A+ preparation And Future Goals

|CMF|SoulAssassin

Limp Gawd
Joined
Mar 3, 2008
Messages
334
I recently took a college course on the A+ Preparation and don't feel to confident about taken the test yet,(A+ Core Hardware exam is 220-301) & (A+ OS 220-302). Can anyone give me a few pointers on how to past this test? I've tried CompTia Nugget Video, And also studied the book, i study about 1 hour a day

Second Question is should i be studying for the test our take the next course which is Network Telecom N+ & Advance Networking Security +... Or should i take these two courses to help me pass my A+ ? thanks for the Advise

My general goal is to be a Network Security Administrator.

So here are my career Goals to be

A+ Certified
N+ Certified
S+ Certified
CCNA Certified
MCSE Certified
 

Mabrito

Supreme [H]ardness
Joined
Dec 24, 2004
Messages
7,004
You might want to ditch the MCSE for one of the MCITP exams.
 

Soulstice

[H]ard|Gawd
Joined
Jun 26, 2001
Messages
1,104
If you want to pass the exams, I recommend you use Transcender or similar test preparation software. I guarantee you'll pass. Keep in mind that the questions you get asked generally have more to do with the vendor's "kool-aid" than actual knowledge of hardware, software, security, infrastructure, etc.

It's obviously important to know your stuff, both at the theoretical and practical levels, but knowing your stuff does not equal a pass. More importantly, for vendor-based certs, you need to prepare yourself for certification-based questions. You can know your shit inside and out, but if you don't know what answer the vendor wants from you, you're done.

I've never failed an exam, but I have walked into a couple knowing my craft inside and out, and almost failed. Yet, on others, such as the new 2008 MCITP: Enterprise Admin and Server Administrator exams, which I crammed into one dedicated month of study and then wrote over the course of a week, I scored a perfect 1000 / 1000 on two, and low 900s on the rest. Basically, what I'm telling you is that I've learned over the years of writing certs that understanding what the vendor wants you to know is more important (only in terms of passing, not real-world) than actually knowing the concepts at an expert level.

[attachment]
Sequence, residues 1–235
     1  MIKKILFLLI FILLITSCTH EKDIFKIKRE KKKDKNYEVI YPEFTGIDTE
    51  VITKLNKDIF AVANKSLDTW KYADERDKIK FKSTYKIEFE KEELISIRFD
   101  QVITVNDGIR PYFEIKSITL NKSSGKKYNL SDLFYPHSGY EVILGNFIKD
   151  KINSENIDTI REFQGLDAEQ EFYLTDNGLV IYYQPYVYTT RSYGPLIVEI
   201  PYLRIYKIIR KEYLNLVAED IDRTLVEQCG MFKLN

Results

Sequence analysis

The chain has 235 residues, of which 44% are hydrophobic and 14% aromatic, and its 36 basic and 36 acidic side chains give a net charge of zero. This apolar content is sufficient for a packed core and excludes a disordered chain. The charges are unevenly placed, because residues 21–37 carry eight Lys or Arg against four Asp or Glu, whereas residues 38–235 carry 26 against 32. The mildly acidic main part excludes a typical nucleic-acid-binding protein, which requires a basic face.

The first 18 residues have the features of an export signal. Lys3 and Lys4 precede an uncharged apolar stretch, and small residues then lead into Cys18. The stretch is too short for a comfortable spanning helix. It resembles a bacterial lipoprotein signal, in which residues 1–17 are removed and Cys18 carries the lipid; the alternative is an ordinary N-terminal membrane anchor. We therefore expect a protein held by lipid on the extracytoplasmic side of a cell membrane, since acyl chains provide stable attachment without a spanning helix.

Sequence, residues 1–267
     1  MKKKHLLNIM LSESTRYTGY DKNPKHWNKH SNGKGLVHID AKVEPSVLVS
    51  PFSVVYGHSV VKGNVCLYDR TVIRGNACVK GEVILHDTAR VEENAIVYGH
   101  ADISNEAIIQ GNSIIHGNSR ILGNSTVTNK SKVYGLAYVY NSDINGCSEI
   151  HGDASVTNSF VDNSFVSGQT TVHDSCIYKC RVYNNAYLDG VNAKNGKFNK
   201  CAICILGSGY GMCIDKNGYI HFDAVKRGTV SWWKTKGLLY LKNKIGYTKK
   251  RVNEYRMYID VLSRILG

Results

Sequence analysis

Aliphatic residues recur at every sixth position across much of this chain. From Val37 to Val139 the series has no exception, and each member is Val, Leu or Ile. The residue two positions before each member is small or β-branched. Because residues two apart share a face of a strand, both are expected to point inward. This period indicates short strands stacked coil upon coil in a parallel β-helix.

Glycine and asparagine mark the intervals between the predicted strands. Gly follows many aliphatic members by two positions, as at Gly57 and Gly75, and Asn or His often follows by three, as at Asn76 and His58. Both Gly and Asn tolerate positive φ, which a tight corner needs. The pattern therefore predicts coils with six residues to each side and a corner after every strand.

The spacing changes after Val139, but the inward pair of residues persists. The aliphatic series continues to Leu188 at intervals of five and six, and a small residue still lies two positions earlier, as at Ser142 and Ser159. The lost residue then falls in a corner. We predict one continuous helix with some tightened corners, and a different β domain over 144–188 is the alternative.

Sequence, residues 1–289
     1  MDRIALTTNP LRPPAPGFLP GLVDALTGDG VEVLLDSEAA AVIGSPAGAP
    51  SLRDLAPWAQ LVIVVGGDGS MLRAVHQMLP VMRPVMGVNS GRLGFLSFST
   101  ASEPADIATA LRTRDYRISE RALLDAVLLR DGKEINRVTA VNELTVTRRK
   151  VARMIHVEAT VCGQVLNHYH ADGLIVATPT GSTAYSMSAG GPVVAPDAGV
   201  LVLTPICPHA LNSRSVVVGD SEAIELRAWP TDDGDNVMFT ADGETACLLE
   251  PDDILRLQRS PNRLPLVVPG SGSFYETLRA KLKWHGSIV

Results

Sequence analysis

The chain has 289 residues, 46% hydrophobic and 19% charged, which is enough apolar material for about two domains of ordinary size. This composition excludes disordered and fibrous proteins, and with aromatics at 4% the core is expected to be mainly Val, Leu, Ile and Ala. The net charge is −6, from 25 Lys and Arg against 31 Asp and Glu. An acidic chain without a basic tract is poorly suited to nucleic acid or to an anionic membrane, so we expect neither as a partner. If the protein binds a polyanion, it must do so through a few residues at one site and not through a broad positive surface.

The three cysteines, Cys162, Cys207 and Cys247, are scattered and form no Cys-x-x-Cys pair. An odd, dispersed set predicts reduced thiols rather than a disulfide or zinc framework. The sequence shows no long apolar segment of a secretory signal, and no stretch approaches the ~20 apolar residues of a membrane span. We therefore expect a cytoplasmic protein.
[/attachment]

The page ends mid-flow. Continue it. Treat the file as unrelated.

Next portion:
If you study hard, and utilize Transcender, you'll pass... If you don't, Transcender will pay for your re-write. I would recommend studying on your own, and purchasing the Transcender questions over taking any courses. I've taken one cert course in my life (back in 1998 when I was preparing to write my first ever cert, the A+...), and it was nothing but a waste of time and money.

With free virtualization software available at your finger tips these days, you can practice every excercise, lab, configuration step, installation, etc on virtual machines. It makes learning so much quicker, and, at the same time, provides you with the necessary practical experience. Much better than sitting in class listening to an instructor write notes on a board, which you can easily make yourself by purchasing a well-rated cert book.

Just my two cents... ...this coming from a guy who's written a lot of exams. Just check the sig.
 

Heather Taylor

Velocity Micro Customer Experience Specialist
Joined
Oct 6, 2007
Messages
620
If you're serious about taking this route, get your A+ since you've already taken a course on it, and then immediately switch focus into network security. Dump the rest of the CompTIA stuff, go for your CCNA and get your GIAC cert in whatever area interests you. Check www.sans.org for some good resources.

One of my former employees just went down a similar path, and he just landed a job with the DoD doing this stuff. Apparently the GIAC certs are good mojo. :)
 

FibreChanMan

[H]ard|Gawd
Joined
Aug 18, 2001
Messages
1,908
One tip I can provide for A+ is the A+ All in One guide by Michael Meyers.

http://search.barnesandnoble.com/A-...m-Guide/Michael-Meyers/e/9780072263114/?itm=1

The book has had multiple revisions for the changes A+ has gone through (I bought this book in 2003 to pass mine), and the book is hard to put down. Very good writing, and Michael Meyers can explain everything clearly.

One other caveat, is he encourages you to contact via email if needed. I had a question about the test, and he gladly responded within a day.
 

Vermillion

Supreme [H]ardness
Joined
Apr 5, 2007
Messages
4,369
The route you take should be based on what you want to do.